The mechanisms underlying neurodevelopmental damage caused by virus infections remain poorly defined. Congenital human cytomegalovirus (HCMV) infection is the leading cause of fetal brain development disorders. Previous work has linked HCMV infection to perturbations of neural cell fate, including premature differentiation of neural progenitor cells (NPCs). Here, we show that HCMV infection of NPCs results in loss of the SOX2 protein, a key pluripotency-associated transcription factor. SOX2 depletion maps to the HCMV major immediate early (IE) transcription unit and is individually mediated by the IE1 and IE2 proteins. IE1 causes SOX2 downregulation by promoting the nuclear accumulation and inhibiting the phosphorylation of STAT3, a transcriptional activator of SOX2 expression. Deranged signaling resulting in depletion of a critical stem cell protein is an unanticipated mechanism by which the viral major IE proteins may contribute to brain development disorders caused by congenital HCMV infection.
IMPORTANCE Human cytomegalovirus (HCMV) infections are a leading cause of brain damage, hearing loss, and other neurological disabilities in children. We report that the HCMV proteins known as IE1 and IE2 target expression of human SOX2, a central pluripotency-associated transcription factor that governs neural progenitor cell (NPC) fate and is required for normal brain development. Both during HCMV infection and when expressed alone, IE1 causes the loss of SOX2 from NPCs. IE1 mediates SOX2 depletion by targeting STAT3, a critical upstream regulator of SOX2 expression. Our findings reveal an unanticipated mechanism by which a common virus may cause damage to the developing nervous system and suggest novel targets for medical intervention.
Human coronaviruses (HCoVs) are recognized respiratory pathogens for which accumulating evidence indicates that in vulnerable patients the infection can cause more severe pathologies. HCoVs are not always confined to the upper respiratory tract and can invade the central nervous system (CNS) under still unclear circumstances. HCoV-induced neuropathologies in humans are difficult to diagnose early enough to allow therapeutic interventions. Making use of our already described animal model of HCoV neuropathogenesis, we describe the route of neuropropagation from the nasal cavity to the olfactory bulb and piriform cortex and then the brain stem. We identified neuron-to-neuron propagation as one underlying mode of virus spreading in cell culture. Our data demonstrate that both passive diffusion of released viral particles and axonal transport are valid propagation strategies used by the virus. We describe for the first time the presence along axons of viral platforms whose static dynamism is reminiscent of viral assembly sites. We further reveal that HCoV OC43 modes of propagation can be modulated by selected HCoV OC43 proteins and axonal transport. Our work, therefore, identifies processes that may govern the severity and nature of HCoV OC43 neuropathogenesis and will make possible the development of therapeutic strategies to prevent occurrences.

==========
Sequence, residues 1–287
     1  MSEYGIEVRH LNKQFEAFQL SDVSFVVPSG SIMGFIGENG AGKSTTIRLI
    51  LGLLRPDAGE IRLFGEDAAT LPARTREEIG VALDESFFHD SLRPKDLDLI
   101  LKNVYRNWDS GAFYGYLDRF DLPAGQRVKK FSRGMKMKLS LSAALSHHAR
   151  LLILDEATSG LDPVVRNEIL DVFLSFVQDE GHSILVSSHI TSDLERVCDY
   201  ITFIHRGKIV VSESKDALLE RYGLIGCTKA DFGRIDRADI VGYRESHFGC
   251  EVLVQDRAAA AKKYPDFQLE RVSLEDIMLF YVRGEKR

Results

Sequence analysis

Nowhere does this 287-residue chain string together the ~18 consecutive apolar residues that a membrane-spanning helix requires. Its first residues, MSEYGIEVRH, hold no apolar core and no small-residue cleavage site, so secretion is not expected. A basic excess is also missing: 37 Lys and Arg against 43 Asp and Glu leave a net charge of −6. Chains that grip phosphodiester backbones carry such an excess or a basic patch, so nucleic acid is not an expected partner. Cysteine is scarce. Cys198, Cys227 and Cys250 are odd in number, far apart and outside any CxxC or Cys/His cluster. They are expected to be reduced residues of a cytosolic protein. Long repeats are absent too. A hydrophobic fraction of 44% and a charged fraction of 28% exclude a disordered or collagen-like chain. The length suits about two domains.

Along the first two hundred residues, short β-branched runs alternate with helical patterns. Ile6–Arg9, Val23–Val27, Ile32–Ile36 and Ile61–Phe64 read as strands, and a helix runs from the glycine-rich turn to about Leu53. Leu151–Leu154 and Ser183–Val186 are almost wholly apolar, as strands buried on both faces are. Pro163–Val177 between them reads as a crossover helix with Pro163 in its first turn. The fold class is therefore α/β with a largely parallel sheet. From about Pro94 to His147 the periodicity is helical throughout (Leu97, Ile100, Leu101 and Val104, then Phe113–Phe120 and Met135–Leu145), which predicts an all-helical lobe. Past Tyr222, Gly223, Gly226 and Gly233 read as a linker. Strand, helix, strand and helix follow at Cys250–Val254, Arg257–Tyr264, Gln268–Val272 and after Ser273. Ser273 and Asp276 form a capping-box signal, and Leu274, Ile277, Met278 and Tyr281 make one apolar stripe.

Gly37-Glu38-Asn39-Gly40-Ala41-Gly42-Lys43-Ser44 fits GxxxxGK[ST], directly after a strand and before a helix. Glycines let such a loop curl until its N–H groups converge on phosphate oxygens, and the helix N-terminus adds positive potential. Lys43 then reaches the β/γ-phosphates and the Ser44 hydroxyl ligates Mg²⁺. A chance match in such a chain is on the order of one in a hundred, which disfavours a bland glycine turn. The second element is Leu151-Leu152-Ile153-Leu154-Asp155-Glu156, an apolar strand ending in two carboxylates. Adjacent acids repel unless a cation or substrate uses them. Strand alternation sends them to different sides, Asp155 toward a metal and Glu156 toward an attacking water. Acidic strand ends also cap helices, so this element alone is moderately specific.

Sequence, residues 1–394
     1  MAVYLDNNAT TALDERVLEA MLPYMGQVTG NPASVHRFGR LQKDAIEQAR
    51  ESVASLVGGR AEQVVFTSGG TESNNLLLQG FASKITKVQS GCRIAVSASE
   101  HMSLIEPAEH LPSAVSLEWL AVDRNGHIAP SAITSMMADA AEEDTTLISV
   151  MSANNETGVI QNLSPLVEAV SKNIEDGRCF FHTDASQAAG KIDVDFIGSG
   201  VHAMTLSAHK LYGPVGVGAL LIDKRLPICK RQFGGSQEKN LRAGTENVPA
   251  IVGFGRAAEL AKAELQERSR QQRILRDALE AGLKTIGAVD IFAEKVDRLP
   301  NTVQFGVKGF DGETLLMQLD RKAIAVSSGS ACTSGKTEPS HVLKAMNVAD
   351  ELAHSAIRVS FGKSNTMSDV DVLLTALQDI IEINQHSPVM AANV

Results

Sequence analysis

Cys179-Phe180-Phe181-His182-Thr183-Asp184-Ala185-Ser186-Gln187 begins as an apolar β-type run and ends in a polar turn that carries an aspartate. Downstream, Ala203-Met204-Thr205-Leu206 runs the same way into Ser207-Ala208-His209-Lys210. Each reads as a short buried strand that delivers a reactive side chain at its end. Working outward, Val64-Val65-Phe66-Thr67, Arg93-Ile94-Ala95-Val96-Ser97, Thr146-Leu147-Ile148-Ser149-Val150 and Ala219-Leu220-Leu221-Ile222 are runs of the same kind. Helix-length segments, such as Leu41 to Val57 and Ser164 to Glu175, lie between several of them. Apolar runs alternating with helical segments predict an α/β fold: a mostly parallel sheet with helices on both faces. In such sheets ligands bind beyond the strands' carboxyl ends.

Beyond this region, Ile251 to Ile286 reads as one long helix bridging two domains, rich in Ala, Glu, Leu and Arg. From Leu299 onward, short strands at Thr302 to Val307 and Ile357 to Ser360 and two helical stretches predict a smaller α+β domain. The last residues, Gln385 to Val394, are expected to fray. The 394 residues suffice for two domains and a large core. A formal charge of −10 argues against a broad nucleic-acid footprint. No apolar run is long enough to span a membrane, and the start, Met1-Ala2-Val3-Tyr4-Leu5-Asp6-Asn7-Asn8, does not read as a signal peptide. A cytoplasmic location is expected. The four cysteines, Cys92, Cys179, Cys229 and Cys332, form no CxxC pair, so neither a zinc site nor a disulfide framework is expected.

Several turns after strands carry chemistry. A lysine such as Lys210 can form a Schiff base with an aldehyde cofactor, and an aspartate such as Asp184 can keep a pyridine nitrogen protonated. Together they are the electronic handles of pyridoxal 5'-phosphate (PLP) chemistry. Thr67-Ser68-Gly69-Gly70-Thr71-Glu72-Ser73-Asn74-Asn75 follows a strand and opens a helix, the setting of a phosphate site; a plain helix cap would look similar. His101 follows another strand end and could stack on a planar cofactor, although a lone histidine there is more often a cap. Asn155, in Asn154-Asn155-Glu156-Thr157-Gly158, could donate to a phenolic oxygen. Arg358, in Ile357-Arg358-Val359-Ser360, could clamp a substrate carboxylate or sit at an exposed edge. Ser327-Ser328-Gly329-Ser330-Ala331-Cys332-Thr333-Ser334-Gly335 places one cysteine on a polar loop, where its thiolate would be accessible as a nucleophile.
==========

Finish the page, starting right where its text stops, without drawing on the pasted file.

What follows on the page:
IMPORTANCE Coronaviruses may invade the CNS, disseminate, and participate in the induction of neurological diseases. Their neuropathogenicity is being increasingly recognized in humans, and the presence and persistence of human coronaviruses (HCoV) in human brains have been proposed to cause long-term sequelae. Using our mouse model relying on natural susceptibility to HCoV OC43 and neuronal cell cultures, we have defined the most relevant path taken by HCoV OC43 to access and spread to and within the CNS toward the brain stem and spinal cord and studied in cell culture the underlying modes of intercellular propagation to better understand its neuropathogenesis. Our data suggest that axonal transport governs HCoV OC43 egress in the CNS, leading to the exacerbation of neuropathogenesis. Exploiting knowledge on neuroinvasion and dissemination will enhance our ability to control viral infection within the CNS, as it will shed light on underlying mechanisms of neuropathogenesis and uncover potential druggable molecular virus-host interfaces.
RNA interference (RNAi) is a widespread antiviral mechanism triggered by virus-produced double-stranded RNAs (dsRNAs). In Caenorhabditis elegans, antiviral RNAi involves a RIG-I-like RNA helicase, termed DRH-1 (dicer related RNA helicase 1), that is not required for classical RNAi triggered by artificial dsRNA. Currently, whether antiviral RNAi in C. elegans involves novel factors that are dispensable for classical RNAi remains an open question. To address this question, we designed and carried out a genetic screen that aims to identify novel genes involved in worm antiviral RNAi. By introducing extra copies of known antiviral RNAi genes into the reporter worms, we managed to reject alleles derived from 4 known antiviral RNAi genes, including the DRH-1 coding gene, during the screen. Our genetic screen altogether identified 25 alleles, which were assigned to 11 candidate genes and 2 known antiviral RNAi genes through genetic complementation tests. Using a mapping-by-sequencing strategy, we identified one of the candidate genes as rsd-6, a gene that helps maintain genome integrity through an endogenous gene-silencing pathway but was not known to be required for antiviral RNAi. More importantly, we found that two of the candidate genes are required for antiviral RNAi targeting Orsay virus, a natural viral pathogen of C. elegans, but dispensable for classical RNAi. Since drh-1 is so far the only antiviral RNAi gene not required for classical RNAi, we believe that our genetic screen led to identification of novel worm genes that may target virus-specific features to function in RNAi.